Take this scene, where Fire insists on talking to a man through the oak door of her bedchamber because his overwhelming desire to possess her resulted in previous assault. Fire’s philosophy here is a good representation of the philosophy of the book at large:
” ‘If you’ll bear with me, Lady, I’ve only two things to say.’
” ‘Go on, Lord King,’ Fire said quietly, her forehead resting against the door.
” ‘The first is an apology, for my entire self.’
“Fire closed her eyes. ‘It’s not your entire self that needs to apologize. Only the part that wants to be taken by my power.’
” ‘I can’t change that part, Lady.’
” ‘You can. If you’re too strong for me to control, then you’re strong enough to control yourself.’
” ‘I can’t, Lady, I swear to it.”
“You don’t want to, she corrected silently. You don’t want to give up the feeling of me, and that is your problem.”
Cashore implies that a man with character masters himself with a self control that comes from maturity and understanding and self knowledge, not mere abstinence and self-denial. The male character in the scene above ends up learning to control his desire, to be in her presence normally and develop a platonic love and respect for her, more deep than any desire. The men in this book don’t just put their desire into a muzzle — they learn to deal with it, really, by controlling their minds and not just their actions. They learn that… It’s just desire, and they move on to other things.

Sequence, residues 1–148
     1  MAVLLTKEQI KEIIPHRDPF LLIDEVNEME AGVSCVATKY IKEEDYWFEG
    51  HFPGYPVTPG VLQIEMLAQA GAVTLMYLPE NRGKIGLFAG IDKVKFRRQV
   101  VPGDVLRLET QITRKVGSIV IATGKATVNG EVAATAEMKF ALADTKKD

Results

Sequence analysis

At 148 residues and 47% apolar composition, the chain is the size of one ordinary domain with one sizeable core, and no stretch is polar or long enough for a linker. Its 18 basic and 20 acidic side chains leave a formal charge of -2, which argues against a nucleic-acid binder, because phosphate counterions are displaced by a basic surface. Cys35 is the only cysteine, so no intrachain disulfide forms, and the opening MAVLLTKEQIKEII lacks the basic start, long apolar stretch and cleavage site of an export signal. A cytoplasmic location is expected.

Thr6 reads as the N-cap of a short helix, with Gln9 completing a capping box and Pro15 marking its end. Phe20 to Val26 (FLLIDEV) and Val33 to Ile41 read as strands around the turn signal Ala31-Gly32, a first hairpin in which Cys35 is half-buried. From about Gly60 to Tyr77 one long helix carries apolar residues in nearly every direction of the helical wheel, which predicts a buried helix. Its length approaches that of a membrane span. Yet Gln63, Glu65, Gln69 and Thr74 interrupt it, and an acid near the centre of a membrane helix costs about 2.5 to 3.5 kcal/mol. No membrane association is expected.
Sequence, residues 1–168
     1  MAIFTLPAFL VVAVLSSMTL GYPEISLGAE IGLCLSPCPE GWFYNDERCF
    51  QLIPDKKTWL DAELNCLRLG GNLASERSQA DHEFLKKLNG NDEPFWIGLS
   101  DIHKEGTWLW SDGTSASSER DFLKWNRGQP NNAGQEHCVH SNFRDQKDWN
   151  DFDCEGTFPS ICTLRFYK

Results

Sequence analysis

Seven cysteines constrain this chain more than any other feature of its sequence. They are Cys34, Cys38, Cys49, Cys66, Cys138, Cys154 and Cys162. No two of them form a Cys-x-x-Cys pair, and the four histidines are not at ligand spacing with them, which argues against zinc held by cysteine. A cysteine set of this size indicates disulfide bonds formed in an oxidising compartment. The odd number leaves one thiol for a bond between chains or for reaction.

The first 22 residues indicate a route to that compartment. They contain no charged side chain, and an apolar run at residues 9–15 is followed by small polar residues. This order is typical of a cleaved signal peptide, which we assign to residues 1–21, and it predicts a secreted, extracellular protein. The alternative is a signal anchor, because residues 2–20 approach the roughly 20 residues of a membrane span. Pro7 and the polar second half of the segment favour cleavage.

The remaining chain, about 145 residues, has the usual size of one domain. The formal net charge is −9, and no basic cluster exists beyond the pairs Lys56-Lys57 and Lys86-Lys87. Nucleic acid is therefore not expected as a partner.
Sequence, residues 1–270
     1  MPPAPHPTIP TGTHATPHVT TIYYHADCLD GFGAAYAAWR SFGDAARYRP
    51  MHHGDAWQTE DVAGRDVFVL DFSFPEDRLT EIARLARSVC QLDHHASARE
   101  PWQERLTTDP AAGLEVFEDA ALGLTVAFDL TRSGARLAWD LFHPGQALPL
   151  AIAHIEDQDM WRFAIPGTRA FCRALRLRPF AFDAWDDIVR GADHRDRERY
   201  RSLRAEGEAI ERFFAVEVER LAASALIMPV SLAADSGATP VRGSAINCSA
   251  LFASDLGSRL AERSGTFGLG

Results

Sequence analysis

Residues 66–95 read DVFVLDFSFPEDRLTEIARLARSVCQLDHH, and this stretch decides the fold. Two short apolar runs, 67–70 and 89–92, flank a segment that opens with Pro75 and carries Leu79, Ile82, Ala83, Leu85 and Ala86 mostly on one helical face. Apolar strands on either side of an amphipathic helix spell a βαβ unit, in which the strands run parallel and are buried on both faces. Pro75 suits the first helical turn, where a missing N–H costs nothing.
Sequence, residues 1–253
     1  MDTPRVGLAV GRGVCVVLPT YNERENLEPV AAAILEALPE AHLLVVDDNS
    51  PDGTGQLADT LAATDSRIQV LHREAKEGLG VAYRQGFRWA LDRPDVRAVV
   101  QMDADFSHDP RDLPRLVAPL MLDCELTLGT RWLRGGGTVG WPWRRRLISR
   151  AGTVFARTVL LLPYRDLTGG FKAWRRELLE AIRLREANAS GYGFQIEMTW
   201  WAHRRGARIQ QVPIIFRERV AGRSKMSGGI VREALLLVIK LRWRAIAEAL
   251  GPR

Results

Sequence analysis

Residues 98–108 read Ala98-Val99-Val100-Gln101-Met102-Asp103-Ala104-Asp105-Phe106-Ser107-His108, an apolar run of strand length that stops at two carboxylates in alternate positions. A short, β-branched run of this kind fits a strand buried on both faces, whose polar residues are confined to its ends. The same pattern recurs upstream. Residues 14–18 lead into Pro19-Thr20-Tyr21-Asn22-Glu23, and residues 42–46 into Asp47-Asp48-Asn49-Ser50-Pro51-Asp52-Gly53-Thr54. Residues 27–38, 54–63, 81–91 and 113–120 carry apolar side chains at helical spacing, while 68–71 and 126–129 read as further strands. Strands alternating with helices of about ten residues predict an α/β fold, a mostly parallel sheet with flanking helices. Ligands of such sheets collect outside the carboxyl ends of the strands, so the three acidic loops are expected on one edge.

And, because the men are held accountable for controlling their desire in the values of this book, Fire is finally free to appreciate her beauty as a positive aspect of herself! Concept. She realizes that it isn’t the fault of herself, or her monster-beauty (or her delicious smell?) if a man behaves badly to her or does her violence. She isn’t obligated to hide or oppress herself because there are people with poor character who lack self control; furthermore, she can use her powers for good, unashamed — and not only her physical powers.
I think it’s telling that Cashore uses the word “monster” to describe these beautified creatures with psychic insight. Just for fun, I looked up the etymology of the word online. “Monster” comes from the Latin verb monere, “to warn.” Not only is monsterness defined as beauty, but also the capacity to manipulate minds, or more passively — to look into minds. It’s a kind of empathic sight, which Fire learns is not inherently evil, but ultimately neutral depending on how you use it. “A daughter monster chose the monster she would be” (161).
Overall I was really gratified to read a book that celebrated this kind of vision of femininity: a kind of mixture of beauty, empathy, conscience and assertiveness. I think it’s great that young girls have this book to read, and I’ll encourage more girls and women I meet to read it! Next I’d like to read Cashore’s other book, Graceling, to which Fire is supposed to be somewhat of a prequel. Anywho, happy reading!